A nice lactation room goes a long way for working mothers
Storage rooms, closets, and bathrooms used to be the only choices for nursing mothers at work. As an architect and sustainability leader at the Centers for Disease Control and Prevention (CDC), I set out to change the built environment for the better.
Knowing everyone doesn’t know what working mothers need, I worked with universities, architects, and lactation experts to author the American Institute for Architects (AIA) Best Practice Guide for Lactation Rooms. This document translates science into guidance for designers and is highly regarded in the medical and architectural community.
Investing in a dedicated space for pumping represents a minimal expense. Plumbing, a solid door, and furniture can be had for a few thousand dollars—a bargain compared to losing a valued employee.
At CDC, my office works to translate science into action in other ways, too. Another example is FitwelSM (Facility Innovations Toward Wellness Environmental Leadership). This health-focused facility rating system was developed with the General Services Administration (GSA) and the New York City Department of Health and Mental Hygiene (DOHMH) to give strategies for building healthier buildings. Over five years, CDC, GSA, and DOHMH reviewed more than 3,000 research studies and consulted with public health experts and designers to craft this voluntary national certification. Fitwel assesses the healthiness of building environments and offers ways to improve building occupants’ health and wellness.
As the nation’s public health agency, CDC promotes breastfeeding as important for human nutrition and general health. Our job as architects is to assess the built environment and adjust it to create buildings that protect the health, safety, and welfare of occupants. CDC’s lactation support program began in 1996 with one lactation room in Atlanta. Today, the program offers 34 lactation rooms at 13 campuses, and more than 4,000 staff have used the program. The rooms include a Medela pump, table, comfortable chair, footstool, towels, and a sign-in sheet. Most importantly, working moms have a quiet, private place, free from interruption.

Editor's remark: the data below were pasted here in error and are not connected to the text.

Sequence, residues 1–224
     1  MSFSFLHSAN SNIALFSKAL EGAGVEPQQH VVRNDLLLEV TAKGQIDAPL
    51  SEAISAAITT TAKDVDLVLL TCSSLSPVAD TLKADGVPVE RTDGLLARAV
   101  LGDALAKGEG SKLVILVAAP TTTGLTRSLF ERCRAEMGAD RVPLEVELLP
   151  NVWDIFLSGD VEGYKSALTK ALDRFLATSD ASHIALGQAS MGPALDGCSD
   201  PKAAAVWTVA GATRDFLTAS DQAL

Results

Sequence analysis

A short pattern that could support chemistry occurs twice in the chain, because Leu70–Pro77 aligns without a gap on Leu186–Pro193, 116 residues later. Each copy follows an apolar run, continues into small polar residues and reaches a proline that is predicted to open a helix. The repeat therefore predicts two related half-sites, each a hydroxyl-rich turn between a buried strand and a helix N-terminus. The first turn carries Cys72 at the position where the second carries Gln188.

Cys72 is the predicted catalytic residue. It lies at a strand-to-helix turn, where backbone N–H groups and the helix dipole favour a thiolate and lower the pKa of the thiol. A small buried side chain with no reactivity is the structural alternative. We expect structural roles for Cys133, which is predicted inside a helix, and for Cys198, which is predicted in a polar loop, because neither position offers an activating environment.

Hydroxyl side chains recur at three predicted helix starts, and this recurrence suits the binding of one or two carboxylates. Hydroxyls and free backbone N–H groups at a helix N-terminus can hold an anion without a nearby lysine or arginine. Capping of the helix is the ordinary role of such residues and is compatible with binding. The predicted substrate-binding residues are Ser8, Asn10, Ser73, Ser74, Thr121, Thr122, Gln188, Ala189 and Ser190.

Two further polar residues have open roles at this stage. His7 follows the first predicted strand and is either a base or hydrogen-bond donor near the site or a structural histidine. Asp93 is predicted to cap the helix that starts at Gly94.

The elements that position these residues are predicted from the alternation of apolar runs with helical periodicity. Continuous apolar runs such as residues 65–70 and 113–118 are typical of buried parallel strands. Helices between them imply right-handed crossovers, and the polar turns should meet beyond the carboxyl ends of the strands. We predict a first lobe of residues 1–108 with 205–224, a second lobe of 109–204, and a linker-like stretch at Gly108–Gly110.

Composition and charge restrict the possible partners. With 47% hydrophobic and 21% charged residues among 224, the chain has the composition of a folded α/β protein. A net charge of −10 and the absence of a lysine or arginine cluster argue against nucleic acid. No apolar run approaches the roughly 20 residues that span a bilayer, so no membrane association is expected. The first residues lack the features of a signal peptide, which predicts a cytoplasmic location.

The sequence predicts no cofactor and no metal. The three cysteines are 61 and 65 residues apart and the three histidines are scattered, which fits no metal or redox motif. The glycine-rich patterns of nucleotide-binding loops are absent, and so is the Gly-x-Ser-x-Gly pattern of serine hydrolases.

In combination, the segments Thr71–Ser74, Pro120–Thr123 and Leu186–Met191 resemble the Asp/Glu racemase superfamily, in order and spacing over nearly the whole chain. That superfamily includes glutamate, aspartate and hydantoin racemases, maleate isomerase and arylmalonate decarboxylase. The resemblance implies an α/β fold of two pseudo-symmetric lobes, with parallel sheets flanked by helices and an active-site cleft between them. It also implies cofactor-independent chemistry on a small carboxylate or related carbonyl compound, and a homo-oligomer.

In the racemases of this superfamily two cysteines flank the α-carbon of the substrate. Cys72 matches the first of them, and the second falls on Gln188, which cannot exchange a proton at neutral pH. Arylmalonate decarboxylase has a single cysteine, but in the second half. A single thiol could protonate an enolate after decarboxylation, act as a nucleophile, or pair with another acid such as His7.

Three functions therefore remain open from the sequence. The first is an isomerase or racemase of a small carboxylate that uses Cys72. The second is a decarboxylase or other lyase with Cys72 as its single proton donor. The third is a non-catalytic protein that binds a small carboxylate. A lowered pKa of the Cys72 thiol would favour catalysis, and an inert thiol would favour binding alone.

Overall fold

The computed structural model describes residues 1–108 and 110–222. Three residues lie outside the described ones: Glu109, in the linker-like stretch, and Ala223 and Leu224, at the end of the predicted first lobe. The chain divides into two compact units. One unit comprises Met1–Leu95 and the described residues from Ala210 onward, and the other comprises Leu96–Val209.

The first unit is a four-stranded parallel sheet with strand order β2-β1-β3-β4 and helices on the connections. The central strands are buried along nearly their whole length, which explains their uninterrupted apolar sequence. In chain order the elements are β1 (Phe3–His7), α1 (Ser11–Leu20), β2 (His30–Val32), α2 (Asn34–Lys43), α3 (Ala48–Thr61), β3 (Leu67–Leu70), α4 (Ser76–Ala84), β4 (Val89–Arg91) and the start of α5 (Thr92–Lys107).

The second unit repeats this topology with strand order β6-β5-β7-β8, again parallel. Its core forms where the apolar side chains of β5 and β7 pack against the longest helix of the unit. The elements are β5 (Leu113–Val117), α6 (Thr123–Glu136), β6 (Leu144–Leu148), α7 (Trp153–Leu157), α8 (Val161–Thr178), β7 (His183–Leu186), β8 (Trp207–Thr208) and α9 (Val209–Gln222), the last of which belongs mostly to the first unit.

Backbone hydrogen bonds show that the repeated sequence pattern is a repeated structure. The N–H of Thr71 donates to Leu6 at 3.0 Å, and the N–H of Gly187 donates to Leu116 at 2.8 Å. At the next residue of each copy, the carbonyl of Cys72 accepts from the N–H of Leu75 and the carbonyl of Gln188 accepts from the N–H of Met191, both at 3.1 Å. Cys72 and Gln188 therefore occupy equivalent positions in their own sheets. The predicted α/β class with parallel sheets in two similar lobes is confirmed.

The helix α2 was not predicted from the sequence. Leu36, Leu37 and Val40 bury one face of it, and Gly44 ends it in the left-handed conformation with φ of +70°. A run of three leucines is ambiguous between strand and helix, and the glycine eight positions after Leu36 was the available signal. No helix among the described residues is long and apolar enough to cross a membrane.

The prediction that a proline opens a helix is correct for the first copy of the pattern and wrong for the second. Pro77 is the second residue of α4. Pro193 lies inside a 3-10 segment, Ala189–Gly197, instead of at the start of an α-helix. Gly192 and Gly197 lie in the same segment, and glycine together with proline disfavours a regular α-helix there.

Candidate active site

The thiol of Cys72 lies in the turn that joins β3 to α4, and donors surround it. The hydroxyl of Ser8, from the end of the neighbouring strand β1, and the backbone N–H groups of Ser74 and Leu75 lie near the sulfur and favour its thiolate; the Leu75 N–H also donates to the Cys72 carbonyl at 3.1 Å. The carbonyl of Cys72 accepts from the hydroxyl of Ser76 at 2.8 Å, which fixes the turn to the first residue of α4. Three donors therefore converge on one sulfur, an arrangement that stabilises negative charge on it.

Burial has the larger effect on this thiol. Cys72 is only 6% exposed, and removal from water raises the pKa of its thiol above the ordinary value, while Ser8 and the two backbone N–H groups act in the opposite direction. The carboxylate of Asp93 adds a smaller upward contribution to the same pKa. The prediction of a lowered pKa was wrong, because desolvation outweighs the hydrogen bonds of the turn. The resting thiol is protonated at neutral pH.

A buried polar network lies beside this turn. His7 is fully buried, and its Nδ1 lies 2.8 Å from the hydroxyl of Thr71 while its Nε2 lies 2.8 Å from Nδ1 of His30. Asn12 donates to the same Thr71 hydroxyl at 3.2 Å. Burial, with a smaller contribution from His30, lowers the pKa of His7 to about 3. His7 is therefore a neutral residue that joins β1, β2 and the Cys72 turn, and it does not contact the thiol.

The AIA Best Practice Guide includes standards on lactation room size (7’x7’ minimum), privacy (lockable door), lighting, HVAC, and refrigeration. A location with or near a sink is required. The room should be equipped with a table, chair, nursing stool, mid-size or compact refrigerator, cleaning supplies and a hospital-grade, FDA-approved electric breast pump. Anticipated “useful accessories” include trash cans, paper towel dispenser, coat rack or hooks, and a full-length mirror. Other considerations include soothing color palettes and a room schedule.
Just as the CDC is the steward of health for the U.S., the building and design community is the steward for health in the built environment. Architects and designers need to continue to examine the way design impacts and inspires people to improve buildings, communities and our health. As wellness frameworks like Fitwel are established, we can begin to unravel the structural barriers to healthy environments, ultimately promoting gender equity, wellness, and engagement in every workplace.
Read more from past WSLA alums here.
Liz York is chief sustainability officer and associate director for quality and sustainability for the CDC and a 2016 WSLA winner. Appointed as the first CSO for CDC in 2008, York establishes sustainability in CDC policy and operations, implements healthy and sustainable work environments, and facilitates staff involvement in sustainability efforts. In 2016, she was recognized by the AIA as a Fellow for her work to impact health and well-being by empowering architects to build better environments.